Senator and presidential candidate Elizabeth Warren is talking about breaking up the “big tech” companies like Google, Apple, Facebook, and Amazon, which we’ve previously written about as the “Four horsemen of the digital age.” She may think about “big tech” as a monolith, but consumer conversations make very big distinctions among them.
Today, Amazon and Apple are overwhelmingly popular with consumers based on their online and offline conversations, with Google only slightly behind. The strong performance of these three brands makes them “Conversation Commanders,” who excel at driving positive conversations both online and offline (see chart). Amazon is particularly strong at offline conversations that mainly occur face-to-face, giving it an overall edge.
About 80% of all offline Amazon conversations are positive, versus only 12% negative. For Apple and Google, about 65% are positive, while for Facebook only 50% are positive versus 40% negative.
ONLY FACEBOOK FAILS TO QUALIFY AS A “CONVERSATION COMMANDER”
Consequently, Facebook falls into the “Whisper Brand” category due to the very negative sentiment of both kinds of conversation, making the largest social media platform a more attractive target for aggressive oversight.
Though Amazon and Facebook perform very differently in consumer conversations, they have one thing in common. Both brands suffered extreme declines in positive conversations in April 2018. Facebook’s online conversations became much more negative and less positive as it was revealed that the company allowed the marketing agency Cambridge Analytica access to private data on some 50 million Facebook users, as part of the 2016 Presidential Election. Soon after, President Trump drove down net sentiment for Amazon by criticizing on the company over its ownership of the Washington Post and the deal it struck with the US Postal Service for delivering Amazon packages.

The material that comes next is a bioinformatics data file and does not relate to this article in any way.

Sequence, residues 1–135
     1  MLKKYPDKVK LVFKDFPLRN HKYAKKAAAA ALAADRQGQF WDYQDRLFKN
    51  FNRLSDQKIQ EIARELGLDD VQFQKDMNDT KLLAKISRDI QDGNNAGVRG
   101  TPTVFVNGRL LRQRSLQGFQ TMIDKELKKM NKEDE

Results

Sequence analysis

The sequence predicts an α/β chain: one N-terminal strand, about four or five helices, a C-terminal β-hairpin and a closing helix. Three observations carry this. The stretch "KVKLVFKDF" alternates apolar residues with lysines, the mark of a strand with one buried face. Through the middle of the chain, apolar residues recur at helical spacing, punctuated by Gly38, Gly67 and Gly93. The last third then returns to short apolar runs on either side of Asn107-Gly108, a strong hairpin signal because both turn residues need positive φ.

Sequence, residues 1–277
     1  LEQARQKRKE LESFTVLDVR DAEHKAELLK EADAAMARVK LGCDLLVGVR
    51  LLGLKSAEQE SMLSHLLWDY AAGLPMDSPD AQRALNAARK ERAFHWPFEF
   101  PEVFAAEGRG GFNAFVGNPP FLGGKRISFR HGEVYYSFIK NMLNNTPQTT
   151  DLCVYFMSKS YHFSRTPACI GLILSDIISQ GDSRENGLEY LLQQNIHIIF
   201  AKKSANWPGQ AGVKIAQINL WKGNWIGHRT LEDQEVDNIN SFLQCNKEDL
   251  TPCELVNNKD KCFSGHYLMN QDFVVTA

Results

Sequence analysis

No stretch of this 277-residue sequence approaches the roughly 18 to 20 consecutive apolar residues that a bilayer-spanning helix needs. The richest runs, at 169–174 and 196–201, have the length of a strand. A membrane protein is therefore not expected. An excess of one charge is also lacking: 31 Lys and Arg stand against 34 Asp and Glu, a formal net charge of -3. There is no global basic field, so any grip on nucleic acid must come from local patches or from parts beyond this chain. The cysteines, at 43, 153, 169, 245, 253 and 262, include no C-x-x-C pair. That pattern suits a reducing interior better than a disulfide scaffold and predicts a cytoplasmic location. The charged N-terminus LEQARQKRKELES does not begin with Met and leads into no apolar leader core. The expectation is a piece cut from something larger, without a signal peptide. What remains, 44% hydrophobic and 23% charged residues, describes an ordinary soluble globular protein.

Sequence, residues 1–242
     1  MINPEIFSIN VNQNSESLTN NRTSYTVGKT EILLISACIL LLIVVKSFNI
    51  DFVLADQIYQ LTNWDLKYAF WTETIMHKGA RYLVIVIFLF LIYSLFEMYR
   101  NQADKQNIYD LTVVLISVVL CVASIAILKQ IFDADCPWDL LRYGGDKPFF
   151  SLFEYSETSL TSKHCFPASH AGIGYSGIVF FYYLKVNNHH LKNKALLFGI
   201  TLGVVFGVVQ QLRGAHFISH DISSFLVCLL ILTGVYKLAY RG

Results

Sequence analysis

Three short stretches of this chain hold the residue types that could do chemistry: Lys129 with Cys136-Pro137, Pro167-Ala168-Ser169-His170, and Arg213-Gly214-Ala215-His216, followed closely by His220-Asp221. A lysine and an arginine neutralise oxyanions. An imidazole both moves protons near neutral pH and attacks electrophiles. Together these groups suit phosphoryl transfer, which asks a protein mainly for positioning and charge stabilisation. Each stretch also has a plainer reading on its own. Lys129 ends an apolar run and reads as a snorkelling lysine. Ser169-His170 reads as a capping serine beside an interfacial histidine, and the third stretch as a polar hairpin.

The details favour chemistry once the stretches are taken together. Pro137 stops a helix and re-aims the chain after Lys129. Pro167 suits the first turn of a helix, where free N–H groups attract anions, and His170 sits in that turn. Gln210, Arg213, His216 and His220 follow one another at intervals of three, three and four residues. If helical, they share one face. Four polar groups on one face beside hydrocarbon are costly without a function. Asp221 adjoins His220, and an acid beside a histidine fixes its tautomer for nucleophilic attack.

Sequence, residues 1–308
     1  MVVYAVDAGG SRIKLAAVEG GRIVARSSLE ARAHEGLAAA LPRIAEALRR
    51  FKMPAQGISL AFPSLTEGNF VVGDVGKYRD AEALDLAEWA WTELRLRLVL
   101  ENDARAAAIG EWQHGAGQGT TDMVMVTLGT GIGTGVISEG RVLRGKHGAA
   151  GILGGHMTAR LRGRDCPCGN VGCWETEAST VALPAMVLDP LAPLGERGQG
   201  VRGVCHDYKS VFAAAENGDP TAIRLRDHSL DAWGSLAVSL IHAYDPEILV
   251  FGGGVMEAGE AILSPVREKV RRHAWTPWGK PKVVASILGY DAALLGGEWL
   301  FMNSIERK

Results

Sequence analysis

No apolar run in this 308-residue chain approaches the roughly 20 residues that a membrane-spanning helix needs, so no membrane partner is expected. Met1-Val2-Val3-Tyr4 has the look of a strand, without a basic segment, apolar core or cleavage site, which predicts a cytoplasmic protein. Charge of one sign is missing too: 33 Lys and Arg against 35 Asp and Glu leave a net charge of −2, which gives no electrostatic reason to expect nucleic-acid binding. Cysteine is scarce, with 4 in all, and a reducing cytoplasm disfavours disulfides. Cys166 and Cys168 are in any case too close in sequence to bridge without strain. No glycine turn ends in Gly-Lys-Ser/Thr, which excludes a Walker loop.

FACEBOOK CONSISTENTLY HAS THE LEAST POSITIVE CONVERSATIONS IN SOCIAL MEDIA
For Amazon, the negative downturn was short-lived and confined to social media. For Facebook, however, both online and offline conversations suffered, and both streams of conversations have remained quite negative since.
ONLY FACEBOOK HAS SUFFERED A DOWNTURN IN OFFLINE CONVERSATION SENTIMENT
The pattern recently repeated itself for Amazon, as social media conversations have soured since founder Jeff Bezos revealed he was in a battle with the publisher of the National Enquirer over salacious photos related to an affair and resulting divorce. Offline conversations have stayed highly positive, a common pattern we’ve seen in our politically charged era.
Why has Facebook consistently under-performed in conversations against its big tech rivals? One factor is simply being the biggest social media platform, and thus a lightning rod to criticism. But Google is the biggest in Search, and Amazon is the biggest in eCommerce. Consumers are not automatically against “bigness,” which is something for political candidates to bear in mind.
Besides its market dominance, Facebook has been repeatedly in the news for failures to protect data, for a lack of candor over its impact on the 2016 election, and, most recently, for allegedly criminal behavior in its sharing of private user data with big business partners. Thus, Facebook is really in a different category than other “big tech,” companies, and consumer conversations reflect that fact.
If Senator Warren gets her way and a big-tech break-up materializes, Amazon, Google, and Apple will have reason to blame Facebook as the black sheep of the four horsemen of the digital economy.